All Posts By Rob Rich
I think Terminator lore might have gotten it wrong. Skynet wasn’t developed by the military, it was the natural progression of cloud gaming and AI functions. Most iOS users already take advantage of wireless data transference between devices, and there are a surprising number of games out there these days that involve very little player feedback. So think about that while taking a look at this list of games you can play without having to devote a lot of time or effort to the process. I mean who knows? Maybe the real Skynet is just a free-to-play sequel away…
Mega Mall Story
Kairosoft is pretty much the reigning champion of high quality (yet accessible) iOS sims. Their entire library is fantastic, as far as I’m concerned, but Mega Mall Story stands out as the least gameplay-intensive of the bunch. Constructing new shops and researching new mall technologies is important, but most of the time players simply have to sit and wait while their mini consumers consume and fill their virtual bank account with millions. Gotta love making money hand-over-fist for doing nothing.
Released: 2011-08-09 :: Category: Games
This surprisingly entertaining mix between Minecraft and The Sims is its own reward, but it’s also pretty low-impact. Once players queue up a large list of actions, ranging from crafting multiple tools to hollowing out an entire cave system, they can just sit back and watch their tiny minion do their thing. Or not, since the latest update now allows the virtual prospectors to finish their actions even when the game is turned off.
Released: 2013-01-10 :: Category: Games
Rivals at War
I’m pretty sure I’ll catch a little flak from Carter for including this in the list but I’m willing to take that chance. Rivals at War is about as hands-off as a war game can get. Players construct a team of soldiers using cards, upgrade their abilities, swap them out for better killers when needed, and send them off to battle. Completely automated battles that don’t even have to be viewed if players would rather skip ahead to the results. Aside from occasional team maintenance there’s little player influence, which is great for some quick on-the-go play.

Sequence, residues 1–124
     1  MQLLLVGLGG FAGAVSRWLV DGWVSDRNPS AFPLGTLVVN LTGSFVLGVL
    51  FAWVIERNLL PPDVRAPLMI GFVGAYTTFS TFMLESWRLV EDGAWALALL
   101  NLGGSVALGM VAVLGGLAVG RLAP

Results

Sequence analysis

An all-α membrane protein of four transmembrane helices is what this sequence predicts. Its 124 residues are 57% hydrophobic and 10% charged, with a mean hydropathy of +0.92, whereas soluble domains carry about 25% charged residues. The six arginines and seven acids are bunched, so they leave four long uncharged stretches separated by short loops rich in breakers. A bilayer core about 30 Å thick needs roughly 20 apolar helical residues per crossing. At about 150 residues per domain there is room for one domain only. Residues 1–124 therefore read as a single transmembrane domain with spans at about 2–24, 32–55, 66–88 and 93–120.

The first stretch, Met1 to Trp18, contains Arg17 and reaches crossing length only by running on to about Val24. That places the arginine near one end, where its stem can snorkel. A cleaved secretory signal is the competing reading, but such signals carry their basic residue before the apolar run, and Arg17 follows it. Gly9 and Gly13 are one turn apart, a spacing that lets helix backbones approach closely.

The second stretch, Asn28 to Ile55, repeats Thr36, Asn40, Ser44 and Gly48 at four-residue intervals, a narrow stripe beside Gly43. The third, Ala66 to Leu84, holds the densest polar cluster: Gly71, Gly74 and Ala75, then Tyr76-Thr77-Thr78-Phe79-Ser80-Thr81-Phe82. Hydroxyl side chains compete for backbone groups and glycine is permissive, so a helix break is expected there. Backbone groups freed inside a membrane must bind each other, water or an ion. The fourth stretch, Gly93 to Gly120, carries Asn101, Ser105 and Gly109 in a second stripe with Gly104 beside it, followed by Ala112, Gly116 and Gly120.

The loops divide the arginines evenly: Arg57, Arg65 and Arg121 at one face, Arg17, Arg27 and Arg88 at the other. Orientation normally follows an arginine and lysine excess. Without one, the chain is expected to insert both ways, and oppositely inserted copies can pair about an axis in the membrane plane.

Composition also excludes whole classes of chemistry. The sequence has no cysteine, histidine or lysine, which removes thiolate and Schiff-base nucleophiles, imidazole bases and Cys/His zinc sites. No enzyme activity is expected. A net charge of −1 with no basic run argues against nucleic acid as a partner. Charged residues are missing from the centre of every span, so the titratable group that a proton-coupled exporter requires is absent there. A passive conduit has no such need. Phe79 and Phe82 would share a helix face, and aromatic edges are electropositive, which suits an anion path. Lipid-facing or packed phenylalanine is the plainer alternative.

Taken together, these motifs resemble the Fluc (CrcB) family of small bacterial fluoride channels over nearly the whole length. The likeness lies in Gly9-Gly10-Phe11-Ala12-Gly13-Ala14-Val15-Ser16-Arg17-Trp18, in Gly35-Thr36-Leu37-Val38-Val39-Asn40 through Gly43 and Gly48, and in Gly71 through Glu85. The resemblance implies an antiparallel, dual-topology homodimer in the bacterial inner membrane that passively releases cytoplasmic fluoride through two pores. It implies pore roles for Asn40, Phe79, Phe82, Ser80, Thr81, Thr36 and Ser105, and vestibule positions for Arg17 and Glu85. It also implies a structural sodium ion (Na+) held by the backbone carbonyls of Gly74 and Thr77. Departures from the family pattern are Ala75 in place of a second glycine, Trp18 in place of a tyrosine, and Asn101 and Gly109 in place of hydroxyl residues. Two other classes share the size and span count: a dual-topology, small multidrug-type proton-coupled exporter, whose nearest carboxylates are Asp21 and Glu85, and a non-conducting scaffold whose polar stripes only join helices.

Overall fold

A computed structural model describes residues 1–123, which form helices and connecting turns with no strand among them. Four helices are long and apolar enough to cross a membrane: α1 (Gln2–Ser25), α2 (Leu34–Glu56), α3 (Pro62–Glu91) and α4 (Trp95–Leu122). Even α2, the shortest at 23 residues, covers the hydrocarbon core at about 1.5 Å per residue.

Released: 2013-03-06 :: Category: Games
Of course I’ve saved the best example for last. As far as I can tell, iOS games don’t get any more hands-off than this. Players get to name their character, who’s really a pawn that blindly follows their iPhone-toting god, and that’s it. The game does everything else – combat, quests, equipment, guilds, PvP, etc – on its own. Players can stop in and encourage or punish their follower as they see fit, but that’s about all they can do aside from simply checking in to see how things are progressing. It’s the ultimate game for people who don’t have a lot of time to commit to playing games.
Anyone who’s ever been to Manhattan, let alone actually lives there, can tell you that getting around is something of a pain at times. Actually that’s not true. Getting around Manhattan is a nightmare most of the time. Between subway re-routes that aren’t even mentioned in their respective stations to obtuse maps, simply getting from Point A to Point B can require a stop over at Points X, Y, and Z. It gets even worse when you’re in a hurry.
With the ineptitude of the MTA in mind, I’ve compiled a list of apps that should help anyone, resident and tourist alike, find their way around with a bit less hassle.
iTrans NYC Subway
The App Store description claims that this is the “ultimate NYC transit app,” and they aren’t wrong. It’s not perfect because the MTA is rarely “on schedule,” but it’s about as close are you’re going to get. Predicted train arrival times, schedules, maps, location based navigation to nearby subway entrances, step-by-step directions for a planned trip, bus info, and real time train delay info when connected to WiFi will all make getting around beneath the city streets as painless as possible. Provided you don’t get elbowed in the face by one of those dancing panhandlers.
Released: 2008-07-11 :: Category: Navigation
HopStop Transit Directions for iPhone
Now this is the app for serious trip planners. It covers virtually all possible transit routes ranging from cabs to buses to trains and beyond. It can call up schedules, maps (even viewable offline), ETAs, lists several possible routes, and even allows uses to set their preferences to avoid or stick to specific modes of transportation. Heck, it can even save recent searches to be called up later.